If that’s a gingerbread house…

             …I’ll eat it. Seriously, what sort of revisionist, post-modern auteur turns the gingerbread house we all grew up with into a candy house, and hard candy at that? To be fair, the director, Tommy Wirkola, is a Norwegian of Saami descent, so he may have cultural markers that are different from ours, which may be why his first big-budget film, “Hansel and Gretel: Witch Hunters” is such a tone-deaf snore.

            “Witch Hunters” is the latest in a never-ending string of re-wrought fairy tales that are taking advantage of the new digital technology to create eye-popping realistic effects; just last year we had two brand-new Snow White movies, and later this year we’re getting an over-the-top rethink of Jack and the Beanstalk.

            This version of the Grimm Brothers’ tale is the story of Hansel and Gretel all grown up. After having suffered the childhood trauma of being deserted by their parents and almost eaten by a witch, they have naturally turned to the bounty hunting of wicked beldames to keep the wolf from the door, if that’s the metaphor I want. They arrive in the filthy village of Augsburg (a slander on that lovely city) where kids have been disappearing, and begin the search in the surrounding dark and misty forest.

            There’s a nice timeless quality to the production design that slips easily from Breughel peasantry to Victorian frock coats before it settles into a Steampunk  phantasmagoria of highly over-engineered witch-killing weapons. The Steampunk aesthetic has been around since at least H. G. Wells and Jules Verne, and usually incorporates steam-or-gunpowder-powered contraptions that prefigure modern technology. If you’re old enough to remember Wild Wild West on 60s TV, you’re pretty close. The whole genre is fun and free-wheeling, with a gritty/classy Sherlockian look that lends itself to many fantasy tropes.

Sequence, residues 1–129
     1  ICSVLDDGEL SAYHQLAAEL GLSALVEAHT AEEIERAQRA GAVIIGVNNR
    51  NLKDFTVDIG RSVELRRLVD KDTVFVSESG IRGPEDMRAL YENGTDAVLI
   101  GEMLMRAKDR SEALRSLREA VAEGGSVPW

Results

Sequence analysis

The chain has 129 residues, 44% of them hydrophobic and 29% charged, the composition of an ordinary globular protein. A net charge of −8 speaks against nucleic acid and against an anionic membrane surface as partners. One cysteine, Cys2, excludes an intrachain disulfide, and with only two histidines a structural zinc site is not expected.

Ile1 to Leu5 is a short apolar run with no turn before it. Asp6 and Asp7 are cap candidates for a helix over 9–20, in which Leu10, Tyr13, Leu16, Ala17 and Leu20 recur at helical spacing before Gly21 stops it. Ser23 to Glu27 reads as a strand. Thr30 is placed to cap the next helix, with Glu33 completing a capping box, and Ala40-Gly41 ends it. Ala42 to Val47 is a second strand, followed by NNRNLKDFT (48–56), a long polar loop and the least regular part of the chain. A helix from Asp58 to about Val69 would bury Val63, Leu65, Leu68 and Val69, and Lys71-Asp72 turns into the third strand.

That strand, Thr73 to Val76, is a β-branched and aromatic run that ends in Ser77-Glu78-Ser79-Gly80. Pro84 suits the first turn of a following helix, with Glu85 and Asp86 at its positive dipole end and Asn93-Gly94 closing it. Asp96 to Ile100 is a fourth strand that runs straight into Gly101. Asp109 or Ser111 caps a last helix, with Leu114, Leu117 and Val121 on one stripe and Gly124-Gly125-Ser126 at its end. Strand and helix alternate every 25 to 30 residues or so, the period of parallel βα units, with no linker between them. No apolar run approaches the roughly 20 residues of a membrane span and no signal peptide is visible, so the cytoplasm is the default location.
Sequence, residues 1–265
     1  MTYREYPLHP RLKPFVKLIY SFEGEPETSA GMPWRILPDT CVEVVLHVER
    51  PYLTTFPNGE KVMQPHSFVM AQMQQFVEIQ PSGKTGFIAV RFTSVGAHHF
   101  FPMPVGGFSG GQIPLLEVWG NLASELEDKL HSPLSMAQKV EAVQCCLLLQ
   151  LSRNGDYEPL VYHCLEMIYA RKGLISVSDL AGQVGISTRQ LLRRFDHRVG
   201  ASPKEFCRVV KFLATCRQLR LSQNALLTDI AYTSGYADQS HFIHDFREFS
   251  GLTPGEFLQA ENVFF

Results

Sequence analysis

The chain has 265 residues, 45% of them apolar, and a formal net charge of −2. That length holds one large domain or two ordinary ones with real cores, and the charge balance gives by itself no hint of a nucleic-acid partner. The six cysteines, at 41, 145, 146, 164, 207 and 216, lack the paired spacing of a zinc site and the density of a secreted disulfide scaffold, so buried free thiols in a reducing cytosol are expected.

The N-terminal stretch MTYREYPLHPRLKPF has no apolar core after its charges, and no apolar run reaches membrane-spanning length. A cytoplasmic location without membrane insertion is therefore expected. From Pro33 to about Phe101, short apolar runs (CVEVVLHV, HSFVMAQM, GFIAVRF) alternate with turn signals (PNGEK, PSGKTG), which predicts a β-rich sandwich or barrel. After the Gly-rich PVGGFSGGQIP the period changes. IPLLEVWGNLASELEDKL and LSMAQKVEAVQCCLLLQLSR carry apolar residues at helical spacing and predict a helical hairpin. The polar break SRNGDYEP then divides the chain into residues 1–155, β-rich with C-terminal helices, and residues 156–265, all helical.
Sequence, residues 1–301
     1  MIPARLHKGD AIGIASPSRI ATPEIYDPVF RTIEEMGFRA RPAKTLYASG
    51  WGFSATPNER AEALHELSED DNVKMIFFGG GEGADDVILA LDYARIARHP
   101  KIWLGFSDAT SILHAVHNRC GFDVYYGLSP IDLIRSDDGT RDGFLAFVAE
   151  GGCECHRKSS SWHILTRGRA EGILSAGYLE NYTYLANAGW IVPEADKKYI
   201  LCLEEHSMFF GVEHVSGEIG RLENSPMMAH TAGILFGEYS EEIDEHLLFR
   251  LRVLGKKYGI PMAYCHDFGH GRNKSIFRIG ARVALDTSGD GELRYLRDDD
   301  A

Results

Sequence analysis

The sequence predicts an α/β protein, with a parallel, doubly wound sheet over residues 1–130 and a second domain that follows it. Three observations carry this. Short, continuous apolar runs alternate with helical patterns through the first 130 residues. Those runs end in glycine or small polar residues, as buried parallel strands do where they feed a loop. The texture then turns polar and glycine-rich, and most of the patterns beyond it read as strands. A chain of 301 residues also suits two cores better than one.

The Steampunk elements provide this movie’s moments of humor, such as a phonograph to attract the witches, a wind-up tazer, and woodcuts of the missing kids on milk bottles. Even the updated dialogue is sometimes fun, such as the young admirer who says, “I’m really quite a fan of your work.” And having been force-fed sweets as a child by the witch, Hansel has ended up diabetic and has to give himself daily injections with a huge wrought-iron syringe. But mostly we’re stuck with tired elements such as bullets that chop down trees, and slo-mo shots of winging crossbow arrows. (Did you hear the Crossbow Society disbanded? They had a quarrel, and the members bolted. Sorry.)

            One of the places where the movie goes wrong is the principals. Jeremy Renner as Hansel has the flattest American Midwest delivery of anyone I’ve ever heard, and instead of letting Gemma Arterton loose in her mellifluous native Brit, she’s been directed to mimic Hansel, so the leads sound as dull as ditchwater. At least the witches’ coven is allowed a few gratifying cackles and shrieks. This is where that old shibboleth, Tone, comes in. If Wirkola had cut loose and let the entire production be high-spirited and high camp, he could have had a real treasure, but his Norwegian bachelor-farmer ear told him to keep everything low-key and to treat the funny bits as throwaways, which leads to exasperation in the audience.

            (Speaking of tone, this is definitely not a version for little kids, unless you’ve utterly given up the struggle to keep your five-year-old from using the F-word.)

            The special effects that accompany the witches are competent but workmanlike, pleasant to watch but short of gasp-inducing. Where have we seen witches riding on broomsticks recently, hmm? And by the end we’ve been reminded that, yes, only bad witches are ugly, in case we don’t remember that lesson from Glinda the Good.

            But the movie’s main problem is the script’s simplistic story arc. Remember “Snakes on a Plane?” As soon as you saw the title you knew exactly what the movie was. As soon as you see “Hansel and Gretel: Witch Hunters” you know that they will seek witches, they will find witches, they will destroy witches. With two plot twists so transparent you will see them coming miles ahead, this is precisely all that happens. But with a running time of 87 minutes you’ll be home and sitting down to dinner before Bilbo and the Dwarves have left Rivendell.